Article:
Charge of the Light buggy Brigade

posted in: Abuse, Male Mental Health, Parenting | 0

Something I see a lot in the male clients I work with at the intake and throughout sessions, is the description of their fathers “Hard man, drank hard” “liked a drink” “enjoyed a drink but always went to work” (see ‘functioning alcoholic’), alcohol is never too many family members removed from being an issue in Ireland. God forbid we actually admit Ireland has a problem with alcohol! The alcohol is a whole other issue and probably a whole other blog post. This issue is around the “hard man”.

I see it in the fathers I work with in their 30s & 40s. They grew up with “hard man” fathers. Of course this is a generalisation, but in my experience, hugely accurate. Love, affection, tactile contact was very rarely there. Maybe it was there from the mother, in between wooden spoon fits of rage, but rarely was it ever there from the father.

This generation of men is the first to push a buggy. Their/ my/ our fathers certainly did nothing of the sort, that was “woman” work. I remember being a young father proudly pushing my kids around in their buggies/ prams/ strollers. It was akin to a show and tell project of “I made this”. Really it was probably just a less arrest-able offence than walking around with my penis out saying “Yes, this works!”. Probably something the “hard men” would have liked to have done. Need we even go there with the tie in between masculinity and a working phallus?

But being the offspring of a “hard man” brings its own pitfalls. On one hand if we have the awareness to know “I don’t want anything like this for my kids” we can look at what didn’t work for us and try to do a better job. If that awareness isn’t there then in all likelihood we’ll repeat the sins of the father. Very often I’ll hear “I got a few slaps, it done me no harm” but in reality it did. In reality you’re saying I was physically hit and I’ll do the same.

I’ll hold my hand up and say with my older children 20 & 18, when they were young, they would have *VERY SELDOM* got a little slap on the wrist or on the arse. For the 12 and the now toddler, I never did. My words, the same as that of so many of my clients, “it never did me any harm.” To my son and daughter – I apologise.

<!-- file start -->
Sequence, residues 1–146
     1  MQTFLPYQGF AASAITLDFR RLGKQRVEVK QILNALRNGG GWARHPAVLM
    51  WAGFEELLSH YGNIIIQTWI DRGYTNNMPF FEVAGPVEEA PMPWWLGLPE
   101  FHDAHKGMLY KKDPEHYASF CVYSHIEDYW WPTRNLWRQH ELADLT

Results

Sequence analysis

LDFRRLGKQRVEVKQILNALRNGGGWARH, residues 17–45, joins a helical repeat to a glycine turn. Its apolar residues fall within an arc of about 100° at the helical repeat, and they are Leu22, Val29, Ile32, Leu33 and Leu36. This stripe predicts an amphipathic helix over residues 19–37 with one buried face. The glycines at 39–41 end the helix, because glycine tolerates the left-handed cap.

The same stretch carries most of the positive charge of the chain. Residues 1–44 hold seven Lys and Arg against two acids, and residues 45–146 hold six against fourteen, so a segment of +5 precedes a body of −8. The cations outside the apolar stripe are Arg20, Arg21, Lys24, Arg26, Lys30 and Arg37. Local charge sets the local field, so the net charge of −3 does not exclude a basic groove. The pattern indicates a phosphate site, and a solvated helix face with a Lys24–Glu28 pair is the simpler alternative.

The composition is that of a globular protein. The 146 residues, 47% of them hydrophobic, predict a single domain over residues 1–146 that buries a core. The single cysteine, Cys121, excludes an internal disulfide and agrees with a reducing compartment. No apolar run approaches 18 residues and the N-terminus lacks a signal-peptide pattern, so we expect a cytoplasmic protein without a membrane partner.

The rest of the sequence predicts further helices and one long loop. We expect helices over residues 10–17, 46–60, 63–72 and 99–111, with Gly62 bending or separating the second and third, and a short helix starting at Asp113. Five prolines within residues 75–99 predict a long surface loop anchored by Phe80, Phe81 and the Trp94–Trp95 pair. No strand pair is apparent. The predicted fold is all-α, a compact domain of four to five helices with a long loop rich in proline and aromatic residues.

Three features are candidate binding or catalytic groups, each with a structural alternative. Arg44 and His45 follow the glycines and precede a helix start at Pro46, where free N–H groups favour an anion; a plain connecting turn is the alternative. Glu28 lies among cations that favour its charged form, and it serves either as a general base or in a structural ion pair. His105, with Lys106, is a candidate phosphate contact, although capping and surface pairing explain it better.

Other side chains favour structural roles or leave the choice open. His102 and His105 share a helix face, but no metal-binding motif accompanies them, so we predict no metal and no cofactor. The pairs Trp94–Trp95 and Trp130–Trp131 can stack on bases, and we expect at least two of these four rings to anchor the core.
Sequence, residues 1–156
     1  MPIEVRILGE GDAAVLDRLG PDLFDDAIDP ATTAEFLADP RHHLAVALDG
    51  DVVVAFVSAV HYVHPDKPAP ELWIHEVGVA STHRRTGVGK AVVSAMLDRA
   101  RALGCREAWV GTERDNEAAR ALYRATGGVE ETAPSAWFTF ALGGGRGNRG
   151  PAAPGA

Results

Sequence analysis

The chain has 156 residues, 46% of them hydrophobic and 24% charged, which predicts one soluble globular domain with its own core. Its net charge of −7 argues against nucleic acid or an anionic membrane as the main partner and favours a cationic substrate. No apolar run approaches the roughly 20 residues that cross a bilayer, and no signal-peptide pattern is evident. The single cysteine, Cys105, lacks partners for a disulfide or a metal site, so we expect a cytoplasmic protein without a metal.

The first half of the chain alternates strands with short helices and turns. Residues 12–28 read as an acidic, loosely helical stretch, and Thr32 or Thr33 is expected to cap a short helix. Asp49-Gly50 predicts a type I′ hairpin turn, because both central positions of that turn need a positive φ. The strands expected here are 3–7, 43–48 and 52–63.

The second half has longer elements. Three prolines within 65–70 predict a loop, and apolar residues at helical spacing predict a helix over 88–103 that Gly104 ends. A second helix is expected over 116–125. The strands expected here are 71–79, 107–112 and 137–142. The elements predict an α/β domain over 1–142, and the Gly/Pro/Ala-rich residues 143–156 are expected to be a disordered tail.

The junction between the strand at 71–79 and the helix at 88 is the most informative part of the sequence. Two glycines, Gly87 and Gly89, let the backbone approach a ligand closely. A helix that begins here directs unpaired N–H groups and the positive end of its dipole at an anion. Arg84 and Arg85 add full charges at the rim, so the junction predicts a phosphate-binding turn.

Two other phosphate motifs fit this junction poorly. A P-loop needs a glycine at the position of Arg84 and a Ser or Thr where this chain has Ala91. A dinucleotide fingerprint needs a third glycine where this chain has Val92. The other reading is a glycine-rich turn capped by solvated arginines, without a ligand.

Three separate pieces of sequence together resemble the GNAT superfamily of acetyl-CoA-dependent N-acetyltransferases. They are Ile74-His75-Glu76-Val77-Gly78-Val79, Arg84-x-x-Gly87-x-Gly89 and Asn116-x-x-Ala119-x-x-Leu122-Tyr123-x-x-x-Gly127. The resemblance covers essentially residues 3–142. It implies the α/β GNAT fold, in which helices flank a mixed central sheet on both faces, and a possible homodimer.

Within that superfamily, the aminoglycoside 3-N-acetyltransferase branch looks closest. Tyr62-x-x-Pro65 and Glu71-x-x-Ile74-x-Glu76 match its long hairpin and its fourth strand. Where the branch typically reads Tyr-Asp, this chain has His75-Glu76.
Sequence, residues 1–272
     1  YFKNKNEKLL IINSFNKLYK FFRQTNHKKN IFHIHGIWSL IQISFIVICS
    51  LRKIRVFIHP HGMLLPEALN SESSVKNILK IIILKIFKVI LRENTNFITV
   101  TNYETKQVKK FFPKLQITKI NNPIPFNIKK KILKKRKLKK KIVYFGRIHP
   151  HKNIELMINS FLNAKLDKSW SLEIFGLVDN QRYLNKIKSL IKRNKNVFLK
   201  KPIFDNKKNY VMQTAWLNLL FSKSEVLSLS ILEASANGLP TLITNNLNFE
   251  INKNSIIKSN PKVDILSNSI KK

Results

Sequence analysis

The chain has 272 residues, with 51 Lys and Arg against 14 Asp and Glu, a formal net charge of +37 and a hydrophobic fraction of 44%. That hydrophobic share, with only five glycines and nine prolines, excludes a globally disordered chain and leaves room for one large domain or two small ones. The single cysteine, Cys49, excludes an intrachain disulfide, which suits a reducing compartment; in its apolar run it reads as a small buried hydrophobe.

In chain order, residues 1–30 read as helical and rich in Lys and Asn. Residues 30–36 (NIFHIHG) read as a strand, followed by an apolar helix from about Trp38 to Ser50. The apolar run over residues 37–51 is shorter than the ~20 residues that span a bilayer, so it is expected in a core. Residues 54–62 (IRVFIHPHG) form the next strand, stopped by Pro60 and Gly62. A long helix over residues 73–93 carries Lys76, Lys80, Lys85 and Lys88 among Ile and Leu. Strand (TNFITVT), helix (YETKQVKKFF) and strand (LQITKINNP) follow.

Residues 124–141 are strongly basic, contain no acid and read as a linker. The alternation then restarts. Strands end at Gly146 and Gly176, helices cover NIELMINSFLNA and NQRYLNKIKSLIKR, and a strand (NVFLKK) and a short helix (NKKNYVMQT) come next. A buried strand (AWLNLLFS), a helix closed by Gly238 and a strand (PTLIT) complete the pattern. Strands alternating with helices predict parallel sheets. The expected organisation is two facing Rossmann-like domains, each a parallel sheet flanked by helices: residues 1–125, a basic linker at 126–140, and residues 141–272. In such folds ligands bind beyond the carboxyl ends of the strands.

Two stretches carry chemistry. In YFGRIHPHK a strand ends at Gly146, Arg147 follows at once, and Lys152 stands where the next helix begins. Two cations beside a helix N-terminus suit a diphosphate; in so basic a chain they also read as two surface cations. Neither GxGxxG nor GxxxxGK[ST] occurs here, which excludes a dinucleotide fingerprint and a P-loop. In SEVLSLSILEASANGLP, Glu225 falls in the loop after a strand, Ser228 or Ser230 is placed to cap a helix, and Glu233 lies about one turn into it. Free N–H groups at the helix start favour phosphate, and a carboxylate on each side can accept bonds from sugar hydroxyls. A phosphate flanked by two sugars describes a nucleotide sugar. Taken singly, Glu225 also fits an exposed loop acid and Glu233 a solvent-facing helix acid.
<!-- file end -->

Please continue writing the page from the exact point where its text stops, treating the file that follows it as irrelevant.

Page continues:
See, when you’re brought up by “hard men”, it’s all about fear. I seen recently in a group, a post about spanking, some saying absolutely not, some saying it teaches respect. But it doesn’t teach respect, it teaches fear and if it continues it will teach repressed anger, resentment and hatred and very often the cycle will continue. Why? Because it’s all that’s known. That’s how we were taught to do it and we will in all likelihood, do the same.

My father very rarely hit me, in fact I can only remember one incident where he did. He rounded the corner at the exact moment me and my friends were playing Red Rover (remember that?) and I almost decapitated one of the lads. He never had to hit me! I was terrified of him. All the mother needed was the threat oh so many of us grew up with “I’m telling your father when he gets home”, queue manic grovelling “sorry, sorry, sorry!!! I won’t do it again!!!” The fear, oh that fear. When a child is faced with a snarling face and venomous words spat through grinding teeth… shit…yeah…it’s terrifying…that did the job alright! The authoritarian parent who rules with the iron first, “it’s my way or the high way” or the one I heard “cos I said so!”

But it doesn’t work, studies have shown that children who grow up with those parents, it doesn’t teach them compliance, it teaches them to not get caught! Another study has shown that children of authoritarian parents “are more likely to raise disrespectful, delinquent children who do not see them as legitimate authority figures.

Growing up in a “garrison town” where there was an army base, the stories of abuse I hear from clients who were the wives or sons & daughters of “hard men” who were mistreated by “hard men” in the army… The system of violence and abuse that exists in a closed system like an army or church. So my generation, are pretty much the first to be the product of “hard men” and hopefully realise it’s not the best way to go. They did what was done to them by their parents or their anger was displaced.

With all that being said, let’s push our sons and daughters in the stroller. Let’s face it, mammy isn’t going to pretend they are Michael Schumacher breaking hard and weaving in and out of the “Bus Stop” chicane at Spa in Belgium, albeit in reality around slow walker chicanes in the local shopping centre. She certainly won’t make the 3 litre V10 sound on acceleration. I’m not a real “hard man” you see, all I know about is Formula 1, I know nothing about my own car.

You can be the daddy, you can be a bit of craic, you can hug them, you can kiss them, you can tell them you love them and you can teach respect – you just don’t need to do it with fear. It might mean that you’re not a “hard man” but it might mean you’re a good father…fuck it…you might even end up being a great father.

Credit to Daddy Cool.